 Reliable Communication

•   Shannon: …..redundancy must be introduced to combat the particular
noise structure involved … a delay is generally required to approach
the ideal encoding.
•   Defines channel capacity
C  max( H ( X )  H ( X / Y ))
• It is possible to send information at the rate C through the channel
with as small a frequency of errors or equivocation as desired by
proper encoding. This statement is not true for any rate greater than C.
•   Defines differential entropy of a continuous random variable as a
formal analog to the entropy of a discrete random variable.
•   Shannon obtains the formula for the capacity of:
- power-constrained
- white Gaussian channel
- flat transfer function
 PN 
C  W log      
 N 

INFORMATION THEORY                              8
•   The minimum energy necessary to transmit one bit of information is
1.6 dB below the noise psd.

•   Some interesting points about the capacity relation:
- Since any strictly bandlimited signal has infinite duration, the rate of
information of any finite codebook of bandlimited waveforms is equal
to zero.
- Transmitted signals must approximate statistical properties of white
noise.

•   Generalization to dispersive/nonwhite Gaussian channels by Shannon‟s
“water-filling” formula.

•   Constraints other then power constraints are of interest:
- Amplitude constraints
- Quantized constraints
- Specific modulations.

INFORMATION THEORY                                  9
 Zero-Error Channel Capacity

•   Example of typing a text: a non-zero probability of making an error
with the prob. = 1 as the length increases.

•   By designing a code that takes into account the statistics of the typist‟s
mistakes, the prob. of error can be made  0.

•   Example: consider mistakes made by mistyping neighboring letters.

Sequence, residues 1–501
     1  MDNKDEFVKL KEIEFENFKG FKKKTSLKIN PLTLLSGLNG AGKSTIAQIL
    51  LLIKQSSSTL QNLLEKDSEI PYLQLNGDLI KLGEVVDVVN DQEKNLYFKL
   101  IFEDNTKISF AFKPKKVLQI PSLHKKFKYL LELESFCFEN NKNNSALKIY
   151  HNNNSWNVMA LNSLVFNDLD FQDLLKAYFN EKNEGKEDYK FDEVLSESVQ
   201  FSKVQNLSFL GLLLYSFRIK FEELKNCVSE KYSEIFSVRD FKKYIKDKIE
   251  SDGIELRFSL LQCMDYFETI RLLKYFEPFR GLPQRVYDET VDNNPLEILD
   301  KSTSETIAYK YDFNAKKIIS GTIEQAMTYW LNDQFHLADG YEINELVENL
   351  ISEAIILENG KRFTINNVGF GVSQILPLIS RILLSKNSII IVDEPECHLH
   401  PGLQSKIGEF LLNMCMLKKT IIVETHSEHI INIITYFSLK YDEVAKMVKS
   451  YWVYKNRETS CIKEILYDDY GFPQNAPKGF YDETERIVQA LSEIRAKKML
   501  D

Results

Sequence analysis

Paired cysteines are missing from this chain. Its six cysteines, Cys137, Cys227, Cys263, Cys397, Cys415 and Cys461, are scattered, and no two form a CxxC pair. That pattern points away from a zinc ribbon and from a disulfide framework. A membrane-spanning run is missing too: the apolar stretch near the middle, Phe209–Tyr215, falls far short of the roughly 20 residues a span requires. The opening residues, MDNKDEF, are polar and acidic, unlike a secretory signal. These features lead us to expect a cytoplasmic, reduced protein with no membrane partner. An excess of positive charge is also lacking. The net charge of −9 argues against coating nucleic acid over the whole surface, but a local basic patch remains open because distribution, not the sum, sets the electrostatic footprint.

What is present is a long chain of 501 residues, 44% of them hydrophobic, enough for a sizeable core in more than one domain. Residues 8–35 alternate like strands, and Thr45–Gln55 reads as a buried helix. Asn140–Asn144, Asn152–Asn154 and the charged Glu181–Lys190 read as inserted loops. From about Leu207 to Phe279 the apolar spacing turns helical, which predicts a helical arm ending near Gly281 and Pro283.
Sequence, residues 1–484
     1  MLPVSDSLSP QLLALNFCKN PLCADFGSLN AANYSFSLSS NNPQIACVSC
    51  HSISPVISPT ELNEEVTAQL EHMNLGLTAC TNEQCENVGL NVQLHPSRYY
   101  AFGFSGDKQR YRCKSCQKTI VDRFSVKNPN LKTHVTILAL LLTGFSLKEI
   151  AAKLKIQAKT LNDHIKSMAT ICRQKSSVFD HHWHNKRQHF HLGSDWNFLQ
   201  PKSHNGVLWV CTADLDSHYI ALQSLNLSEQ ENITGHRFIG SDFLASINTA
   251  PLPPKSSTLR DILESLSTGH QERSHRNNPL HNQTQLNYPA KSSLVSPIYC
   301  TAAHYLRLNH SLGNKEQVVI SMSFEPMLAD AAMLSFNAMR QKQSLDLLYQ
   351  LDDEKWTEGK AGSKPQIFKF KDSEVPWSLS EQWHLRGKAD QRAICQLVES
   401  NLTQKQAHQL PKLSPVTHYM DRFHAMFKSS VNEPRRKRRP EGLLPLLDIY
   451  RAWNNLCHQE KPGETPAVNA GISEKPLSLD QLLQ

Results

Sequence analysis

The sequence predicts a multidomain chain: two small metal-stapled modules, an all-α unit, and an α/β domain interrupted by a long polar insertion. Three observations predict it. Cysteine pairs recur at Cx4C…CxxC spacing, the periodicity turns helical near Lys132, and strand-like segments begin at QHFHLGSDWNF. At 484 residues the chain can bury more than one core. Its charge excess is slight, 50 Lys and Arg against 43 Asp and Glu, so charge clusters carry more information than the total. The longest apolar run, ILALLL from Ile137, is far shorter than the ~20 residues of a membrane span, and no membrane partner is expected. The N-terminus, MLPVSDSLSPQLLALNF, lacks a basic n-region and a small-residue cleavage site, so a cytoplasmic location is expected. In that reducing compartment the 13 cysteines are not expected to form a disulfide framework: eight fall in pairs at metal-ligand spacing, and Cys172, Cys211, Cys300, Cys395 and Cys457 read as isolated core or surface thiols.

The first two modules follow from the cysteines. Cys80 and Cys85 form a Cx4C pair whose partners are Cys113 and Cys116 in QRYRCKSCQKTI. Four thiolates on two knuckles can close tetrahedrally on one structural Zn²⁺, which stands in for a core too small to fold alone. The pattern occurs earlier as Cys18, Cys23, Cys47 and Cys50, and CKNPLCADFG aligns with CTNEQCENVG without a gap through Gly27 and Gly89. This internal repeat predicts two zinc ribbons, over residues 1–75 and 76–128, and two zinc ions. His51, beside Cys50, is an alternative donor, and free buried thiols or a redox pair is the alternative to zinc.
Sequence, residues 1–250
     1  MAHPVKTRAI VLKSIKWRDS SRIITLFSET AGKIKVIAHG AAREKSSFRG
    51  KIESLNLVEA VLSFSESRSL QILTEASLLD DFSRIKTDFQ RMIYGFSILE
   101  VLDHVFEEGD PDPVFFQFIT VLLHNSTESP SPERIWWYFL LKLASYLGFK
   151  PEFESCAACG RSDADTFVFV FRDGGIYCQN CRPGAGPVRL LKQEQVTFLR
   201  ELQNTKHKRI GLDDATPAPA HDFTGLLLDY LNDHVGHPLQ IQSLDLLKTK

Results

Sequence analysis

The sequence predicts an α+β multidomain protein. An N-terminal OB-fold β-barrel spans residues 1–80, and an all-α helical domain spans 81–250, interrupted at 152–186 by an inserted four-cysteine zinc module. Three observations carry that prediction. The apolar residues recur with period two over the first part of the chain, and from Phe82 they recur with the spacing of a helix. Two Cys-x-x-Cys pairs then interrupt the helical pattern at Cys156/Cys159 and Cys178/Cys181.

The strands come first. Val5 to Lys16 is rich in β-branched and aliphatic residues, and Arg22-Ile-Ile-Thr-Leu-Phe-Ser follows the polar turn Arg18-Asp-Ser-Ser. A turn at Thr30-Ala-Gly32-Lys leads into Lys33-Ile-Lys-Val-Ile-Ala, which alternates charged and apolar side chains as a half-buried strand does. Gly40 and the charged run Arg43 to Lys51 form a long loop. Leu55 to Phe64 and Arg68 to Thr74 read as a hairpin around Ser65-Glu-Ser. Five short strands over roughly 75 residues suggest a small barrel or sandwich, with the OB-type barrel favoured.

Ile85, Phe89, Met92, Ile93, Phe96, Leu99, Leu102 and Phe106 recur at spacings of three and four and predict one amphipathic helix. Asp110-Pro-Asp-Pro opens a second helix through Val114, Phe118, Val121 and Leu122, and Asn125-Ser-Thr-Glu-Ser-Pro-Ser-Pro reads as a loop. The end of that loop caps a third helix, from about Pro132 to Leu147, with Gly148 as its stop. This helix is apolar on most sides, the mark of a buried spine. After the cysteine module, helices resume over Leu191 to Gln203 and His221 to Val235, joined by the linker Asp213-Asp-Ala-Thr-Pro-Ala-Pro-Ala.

The alphabet { b, I, t, s} has no neighboring letters, hence will have
zero probability of error.

•   Zero-error capacity: the rate at which information can be encoded with
zero prob. of error.

INFORMATION THEORY                               10
 Error Exponent

•   Rather than focus on the channel capacity, study the error probability
(EP) as a function of block length.

•   Exponential decrease of EP as a function of blocklength in Gaussian,
discrete memoryless channel.

•   The exponent of the minimum achievable EP is a function of the rate
referred to as reliability function.

•   An important rate that serves as lower bound to the reliability function
is the cutoff rate.

•   Was long thought to be the “practical” limit to transmission rate.

•   Turbo codes refuted that notion.

INFORMATION THEORY                               11
 ERROR CONTROL MECHANISMS

 Error Control Strategies

•   The goal of „error-control‟ is to reduce the effect of noise in order to
reduce or eliminate transmission errors.
•   „Error-Control Coding‟ refers to adding redundancy to the data. The
redundant symbols are subsequently used to detect or correct
erroneous data.

INFORMATION THEORY                                12
•   Error control strategy depends on the channel and on the specific
application.

- Error control for one-way channels are referred to as forward error
control (FEC). It can be accomplished by:
* Error detection and correction – hard detection.
* Reducing the probability of an error – soft detection
- For two-way channels: error detection is a simpler task that error
correction. Retransmit the data only when an error is detected:
automatic request (ARQ).

•   In the course, we focus on wireless data communications, hence we